“Bite-Size Bits of Local, National, and Global History”
“Bite-Size Bits of Local, National, and Global History”
National Museum of Transportation near Kirkwood in St. Louis County, Missouri — The American Midwest (Upper Plains)


Ground-breaking! Marker image. Click for full size.
Photographed By Devry Becker Jones (CC0), April 22, 2019
1. Ground-breaking! Marker
Inscription.  On July 4, 1851, over two years after the Missouri State Legislature had chartered the Pacific Railroad, construction finally began. At this point, most Missourians had caught the "railroad fever," rallying behind construction projects.

The following is an account from the St. Louis daily, The Missouri Republican, of the July 4, 1851 Pacific Railroad Groundbreaking Celebration at Chouteau's Pond. Such local celebrations of railroad construction milestones were quite common in mid 19th century America. This was not the Pacific's last. According to the Republican, a multitude of St. Louisans attended the event, reflecting popular opinion of the railroad and its possibilities.

"Our city has seldom witnessed such as enlivening spectacle as that displayed previous to the forming of the procession. Flags were flying from the tops of engine buildings and public houses; they streamed from the windows of newspaper offices or floated over the street at many points; numerous detachments of military corps were dashing to their varied places of rendezvous; squads of civil societies — invariably attired in neat
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uniform — were coming to view from every corner, and in no place were we deprived of the inspiring sounds of music. It was truly a great gala-day, and, for a time, the business, matter-of-fact character of the city was converted to one of unbounded gayety and rejoicing. At 9 o'clock an immense multitude thronged Fourth street from Washington avenue, where the head of the line rested, to a distance of several blocks. The forest of flags and banners, including many beautiful specimens of the national colors of this and other countries extended much farther than the eye can reach."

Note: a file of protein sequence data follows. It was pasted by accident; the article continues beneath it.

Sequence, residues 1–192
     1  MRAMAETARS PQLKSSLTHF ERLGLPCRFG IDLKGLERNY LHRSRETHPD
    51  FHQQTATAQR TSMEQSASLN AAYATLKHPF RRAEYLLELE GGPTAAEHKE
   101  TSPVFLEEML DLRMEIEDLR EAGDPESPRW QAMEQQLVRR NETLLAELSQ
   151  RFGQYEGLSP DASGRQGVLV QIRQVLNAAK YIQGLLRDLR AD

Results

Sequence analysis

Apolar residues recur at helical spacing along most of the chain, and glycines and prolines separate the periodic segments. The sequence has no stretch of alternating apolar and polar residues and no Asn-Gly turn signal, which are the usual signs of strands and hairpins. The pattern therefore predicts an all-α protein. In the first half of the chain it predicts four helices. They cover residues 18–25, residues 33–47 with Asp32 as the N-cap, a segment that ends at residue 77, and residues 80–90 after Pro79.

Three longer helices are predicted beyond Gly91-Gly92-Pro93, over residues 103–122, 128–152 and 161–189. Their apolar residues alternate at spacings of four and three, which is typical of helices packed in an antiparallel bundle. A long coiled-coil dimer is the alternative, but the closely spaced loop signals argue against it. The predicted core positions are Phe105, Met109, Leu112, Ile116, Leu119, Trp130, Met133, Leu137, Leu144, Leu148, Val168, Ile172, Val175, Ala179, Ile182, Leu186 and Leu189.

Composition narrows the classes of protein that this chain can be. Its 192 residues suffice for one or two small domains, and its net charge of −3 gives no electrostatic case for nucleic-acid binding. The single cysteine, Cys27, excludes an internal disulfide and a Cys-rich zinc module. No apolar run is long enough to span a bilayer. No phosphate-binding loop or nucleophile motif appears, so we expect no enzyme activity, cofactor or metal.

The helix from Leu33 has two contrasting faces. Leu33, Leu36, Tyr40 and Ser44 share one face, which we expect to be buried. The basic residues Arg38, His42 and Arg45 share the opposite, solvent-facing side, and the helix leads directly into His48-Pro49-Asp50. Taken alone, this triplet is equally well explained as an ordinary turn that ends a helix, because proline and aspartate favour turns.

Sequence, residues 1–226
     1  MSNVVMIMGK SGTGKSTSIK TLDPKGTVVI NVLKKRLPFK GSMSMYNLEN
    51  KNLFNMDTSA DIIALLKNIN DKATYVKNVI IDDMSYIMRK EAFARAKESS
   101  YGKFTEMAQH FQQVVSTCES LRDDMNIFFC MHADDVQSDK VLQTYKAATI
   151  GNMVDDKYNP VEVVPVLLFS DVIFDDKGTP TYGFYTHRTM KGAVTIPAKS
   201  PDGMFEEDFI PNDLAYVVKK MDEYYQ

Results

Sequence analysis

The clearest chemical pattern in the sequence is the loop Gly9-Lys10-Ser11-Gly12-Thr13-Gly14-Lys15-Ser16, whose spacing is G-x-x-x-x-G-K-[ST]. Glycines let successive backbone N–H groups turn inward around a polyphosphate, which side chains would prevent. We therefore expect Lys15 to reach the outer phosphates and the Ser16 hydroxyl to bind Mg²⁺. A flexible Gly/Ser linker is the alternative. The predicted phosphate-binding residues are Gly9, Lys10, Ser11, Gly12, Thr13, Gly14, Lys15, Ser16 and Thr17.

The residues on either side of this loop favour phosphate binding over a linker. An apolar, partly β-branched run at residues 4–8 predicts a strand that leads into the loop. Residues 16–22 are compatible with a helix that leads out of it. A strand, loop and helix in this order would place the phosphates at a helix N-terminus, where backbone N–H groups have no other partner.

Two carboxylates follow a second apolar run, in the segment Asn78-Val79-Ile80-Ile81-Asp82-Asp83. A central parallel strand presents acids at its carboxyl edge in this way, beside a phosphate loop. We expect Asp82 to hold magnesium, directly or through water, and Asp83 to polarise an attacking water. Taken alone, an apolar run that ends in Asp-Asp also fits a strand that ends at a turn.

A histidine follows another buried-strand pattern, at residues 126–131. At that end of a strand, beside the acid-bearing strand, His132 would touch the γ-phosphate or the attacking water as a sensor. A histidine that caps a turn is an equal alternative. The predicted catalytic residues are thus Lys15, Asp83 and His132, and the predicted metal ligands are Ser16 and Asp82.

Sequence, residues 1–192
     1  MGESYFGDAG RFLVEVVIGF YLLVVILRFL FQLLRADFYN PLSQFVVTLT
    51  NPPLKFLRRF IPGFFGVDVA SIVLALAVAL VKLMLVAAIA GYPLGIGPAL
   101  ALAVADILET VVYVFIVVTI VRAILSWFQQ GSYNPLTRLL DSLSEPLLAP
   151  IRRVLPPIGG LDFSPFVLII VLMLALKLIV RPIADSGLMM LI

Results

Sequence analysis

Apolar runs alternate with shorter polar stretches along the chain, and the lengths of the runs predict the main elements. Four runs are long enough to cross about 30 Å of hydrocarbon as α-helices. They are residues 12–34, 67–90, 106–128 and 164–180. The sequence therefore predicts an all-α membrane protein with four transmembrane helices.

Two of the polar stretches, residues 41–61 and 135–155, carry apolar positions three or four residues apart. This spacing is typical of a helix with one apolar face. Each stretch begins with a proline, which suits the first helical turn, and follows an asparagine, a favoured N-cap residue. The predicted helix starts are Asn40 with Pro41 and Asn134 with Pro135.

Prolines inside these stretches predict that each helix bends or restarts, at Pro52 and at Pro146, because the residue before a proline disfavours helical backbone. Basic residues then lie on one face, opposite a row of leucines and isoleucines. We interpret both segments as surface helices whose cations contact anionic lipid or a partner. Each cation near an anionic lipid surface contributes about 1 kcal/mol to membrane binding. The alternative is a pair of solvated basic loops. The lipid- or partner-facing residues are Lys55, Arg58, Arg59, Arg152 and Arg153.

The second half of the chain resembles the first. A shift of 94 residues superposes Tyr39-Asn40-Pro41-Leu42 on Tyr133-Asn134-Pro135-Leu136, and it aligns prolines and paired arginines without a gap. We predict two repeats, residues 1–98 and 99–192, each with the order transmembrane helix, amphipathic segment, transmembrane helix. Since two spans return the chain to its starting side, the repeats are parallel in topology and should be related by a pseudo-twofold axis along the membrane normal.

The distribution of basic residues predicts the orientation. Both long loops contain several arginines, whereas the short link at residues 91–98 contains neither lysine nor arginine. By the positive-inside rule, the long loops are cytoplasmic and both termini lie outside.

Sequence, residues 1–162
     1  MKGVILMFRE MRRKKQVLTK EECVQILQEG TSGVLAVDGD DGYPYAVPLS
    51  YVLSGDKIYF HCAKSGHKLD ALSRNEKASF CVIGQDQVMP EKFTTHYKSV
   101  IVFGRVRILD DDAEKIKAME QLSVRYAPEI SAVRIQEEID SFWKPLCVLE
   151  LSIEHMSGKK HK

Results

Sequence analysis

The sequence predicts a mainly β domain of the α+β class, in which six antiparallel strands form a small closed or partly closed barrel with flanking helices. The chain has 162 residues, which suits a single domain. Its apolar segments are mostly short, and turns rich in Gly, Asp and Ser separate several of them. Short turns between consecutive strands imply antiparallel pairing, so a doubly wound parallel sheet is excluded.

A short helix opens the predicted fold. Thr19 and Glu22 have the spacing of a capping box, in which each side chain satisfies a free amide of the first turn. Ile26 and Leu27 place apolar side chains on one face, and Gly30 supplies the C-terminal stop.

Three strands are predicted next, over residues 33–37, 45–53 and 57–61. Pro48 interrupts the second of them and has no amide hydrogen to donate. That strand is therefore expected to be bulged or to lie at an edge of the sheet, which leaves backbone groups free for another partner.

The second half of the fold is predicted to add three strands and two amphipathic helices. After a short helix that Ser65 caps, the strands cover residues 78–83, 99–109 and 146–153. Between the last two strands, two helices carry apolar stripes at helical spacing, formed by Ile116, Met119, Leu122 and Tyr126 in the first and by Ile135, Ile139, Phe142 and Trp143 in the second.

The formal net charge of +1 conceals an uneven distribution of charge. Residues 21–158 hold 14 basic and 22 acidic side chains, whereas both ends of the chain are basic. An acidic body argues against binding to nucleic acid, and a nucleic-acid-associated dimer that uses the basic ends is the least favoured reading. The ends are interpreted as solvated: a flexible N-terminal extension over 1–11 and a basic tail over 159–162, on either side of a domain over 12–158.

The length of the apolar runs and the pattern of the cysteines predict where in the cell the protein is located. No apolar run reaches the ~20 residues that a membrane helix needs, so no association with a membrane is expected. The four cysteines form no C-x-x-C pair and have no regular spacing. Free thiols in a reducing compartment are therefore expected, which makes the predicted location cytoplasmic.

Unfortunately, their hopes did not hold up to reality. The business continually ran into obstacles. From the beginning, problems arose due to the difficult terrain of the chosen route, the lack of Eastern investment, the civil War, corruption and mistakes out of inexperience in railroad construction. The story of the pacific Railroad is one of human fallibility that likely contributed to a reversal of fortune for the city of St. Louis.
Erected by Museum of Transportation.
Topics. This historical marker is listed in these topic lists: Industry & CommerceRailroads & Streetcars. A significant historical date for this entry is July 4, 1851.
Location. 38° 34.326′ N, 90° 27.642′ W. Marker is near Kirkwood, Missouri
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, in St. Louis County. It is in National Museum of Transportation. Marker can be reached from Barrett Station Road, on the right when traveling east. Touch for map. Marker is at or near this postal address: 3015 Barrett Station Road, Saint Louis MO 63122, United States of America. Touch for directions.
Other nearby markers. At least 8 other markers are within walking distance of this marker. The Pacific Railroad of Missouri: Audacious Dreams & Harsh Realities (here, next to this marker); The Missouri Pacific Today... (here, next to this marker); Jay Gould and the Missouri Pacific (here, next to this marker); Riot in the Tunnels (here, next to this marker); #30 (here, next to this marker); Civil War Destruction (a few steps from this marker); The Pacific Railroad Controversy (a few steps from this marker); #2804 (a few steps from this marker). Touch for a list and map of all markers in Kirkwood.
Credits. This page was last revised on April 24, 2020. It was originally submitted on April 28, 2019, by Devry Becker Jones of Washington, District of Columbia. This page has been viewed 131 times since then and 13 times this year. Photo   1. submitted on April 28, 2019, by Devry Becker Jones of Washington, District of Columbia.

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Sep. 24, 2023